Amanda Ripley looks at the world's new education superpowers through the experiences of three American teenagers who chose to spend one school year living abroad — one in Finland, one in South Korea and one in Poland. Amanda Ripley examined how these countries rose to the top in student performance world wide. The discovery: effective change not only could be done, it has been done in countries with the same challenges we face.
The book presents a clear path to a solution to school under performance. It is Beta Academy's desire to partner with parents and bring the importance of education back to the forefront.
“One thing was clear: To give our kids the kind of education they deserved, we had to first agree that rigor mattered most of all; that school existed to help kids learn to think, to work hard, and yes, to fail. That was the core consensus that made everything else possible.”
“Wealth had made rigor optional in America. But everything had changed. In an automated, global economy, kids needed to be driven; then need to know how to adapt, since they would be doing it all their lives. They needed a culture of rigor.”
“rigor mattered. Koreans understood that mastering difficult academic content was important. They didn’t take shortcuts, especially in math. They assumed that performance was mostly a product of hard work—not God-given talent. This attitude meant that all kids tried harder, and it was more valuable to a country than gold or oil.”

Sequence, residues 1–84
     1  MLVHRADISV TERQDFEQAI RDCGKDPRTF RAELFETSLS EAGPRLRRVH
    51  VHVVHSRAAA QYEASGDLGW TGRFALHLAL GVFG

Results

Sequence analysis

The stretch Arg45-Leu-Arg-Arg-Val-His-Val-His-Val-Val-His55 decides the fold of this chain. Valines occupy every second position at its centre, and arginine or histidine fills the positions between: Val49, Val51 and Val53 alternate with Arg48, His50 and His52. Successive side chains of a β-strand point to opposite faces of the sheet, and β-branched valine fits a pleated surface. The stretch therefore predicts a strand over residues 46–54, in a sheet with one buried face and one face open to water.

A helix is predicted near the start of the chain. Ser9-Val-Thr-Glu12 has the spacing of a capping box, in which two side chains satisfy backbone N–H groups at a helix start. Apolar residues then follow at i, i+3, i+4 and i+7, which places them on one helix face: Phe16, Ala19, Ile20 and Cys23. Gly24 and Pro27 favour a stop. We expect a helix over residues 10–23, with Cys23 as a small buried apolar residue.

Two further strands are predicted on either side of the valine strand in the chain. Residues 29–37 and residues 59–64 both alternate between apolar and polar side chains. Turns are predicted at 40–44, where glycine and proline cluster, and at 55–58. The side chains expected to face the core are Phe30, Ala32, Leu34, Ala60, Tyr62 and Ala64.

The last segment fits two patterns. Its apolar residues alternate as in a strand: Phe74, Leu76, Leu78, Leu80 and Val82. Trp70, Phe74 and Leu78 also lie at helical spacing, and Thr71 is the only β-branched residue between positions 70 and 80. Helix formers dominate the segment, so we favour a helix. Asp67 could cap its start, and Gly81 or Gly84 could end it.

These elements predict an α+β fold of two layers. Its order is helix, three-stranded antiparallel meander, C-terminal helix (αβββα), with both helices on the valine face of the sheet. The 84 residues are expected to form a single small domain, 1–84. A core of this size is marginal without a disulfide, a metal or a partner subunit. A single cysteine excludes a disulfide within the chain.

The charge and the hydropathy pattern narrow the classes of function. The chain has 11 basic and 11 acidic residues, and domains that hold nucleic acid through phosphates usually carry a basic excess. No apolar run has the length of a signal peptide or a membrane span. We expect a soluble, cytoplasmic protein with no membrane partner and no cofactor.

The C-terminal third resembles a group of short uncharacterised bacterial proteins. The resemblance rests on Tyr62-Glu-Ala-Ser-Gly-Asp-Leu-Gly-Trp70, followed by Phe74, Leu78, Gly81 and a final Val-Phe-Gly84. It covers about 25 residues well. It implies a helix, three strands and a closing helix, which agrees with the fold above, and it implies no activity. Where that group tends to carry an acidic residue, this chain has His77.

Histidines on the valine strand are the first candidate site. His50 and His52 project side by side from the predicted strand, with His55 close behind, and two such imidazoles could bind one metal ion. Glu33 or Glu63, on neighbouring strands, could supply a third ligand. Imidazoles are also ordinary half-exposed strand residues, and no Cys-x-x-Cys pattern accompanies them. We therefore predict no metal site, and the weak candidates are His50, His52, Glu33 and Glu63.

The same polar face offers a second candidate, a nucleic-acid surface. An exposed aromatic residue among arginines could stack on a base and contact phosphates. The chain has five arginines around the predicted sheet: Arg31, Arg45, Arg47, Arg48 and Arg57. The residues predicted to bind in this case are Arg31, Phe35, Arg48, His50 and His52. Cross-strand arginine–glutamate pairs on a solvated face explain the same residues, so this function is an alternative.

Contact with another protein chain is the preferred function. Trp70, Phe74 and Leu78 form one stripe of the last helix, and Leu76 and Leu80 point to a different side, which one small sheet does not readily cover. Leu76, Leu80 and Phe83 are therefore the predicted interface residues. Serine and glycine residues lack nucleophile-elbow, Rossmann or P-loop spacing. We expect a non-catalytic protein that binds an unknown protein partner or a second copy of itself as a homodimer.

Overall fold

“The question then was not what other countries were doing, but why. Why did these countries have this consensus around rigor? In the education superpowers, every child knew the importance of an education. These countries had experienced national failure in recent memory; they knew what an existential crisis felt like. In many U.S. schools, however, the priorities were muddled beyond recognition. Sports were central to American students’ lives and school cultures in a way in which they were not in most education superpowers. Exchange students agreed almost universally on this point. Nine out of ten international students I surveyed said that U.S. kids placed a higher priority on sports, and six out of ten American exchange students agreed with them. Even in middle school, other researchers had found, American students spent double the amount of time playing sports as Koreans.”
“I’d been looking around the world for clues as to what other countries were doing right, but the important distinctions were not about spending or local control or curriculum; none of that mattered very much. Policies mostly worked in the margins. The fundamental difference was a psychological one. The education superpowers believed in rigor. People in these countries agreed on the purpose of school: School existed to help students master complex academic material. Other things mattered, too, but nothing mattered as much.”
“We had the schools we wanted, in a way. Parents did not tend to show up at schools demanding that their kids be assigned more challenging reading or that their kindergarteners learn math while they still loved numbers. They did show up to complain about bad grades, however. And they came in droves, with video cameras and lawn chairs and full hearts, to watch their children play sports.”
Many educators, parents, political leaders, business people, and concerned citizens are determined to save our educational system. Waiting for “Superman” (2010) offers powerful insights from some of those at the leading edge of educational innovation, including Bill and Melinda Gates, Michelle Rhee, Geoffrey Canada, and more.
Waiting for “Superman” is an inspiring call for reform and includes special chapters that provide resources, ideas, and hands-on suggestions for improving the schools in your own community and throughout the nation.
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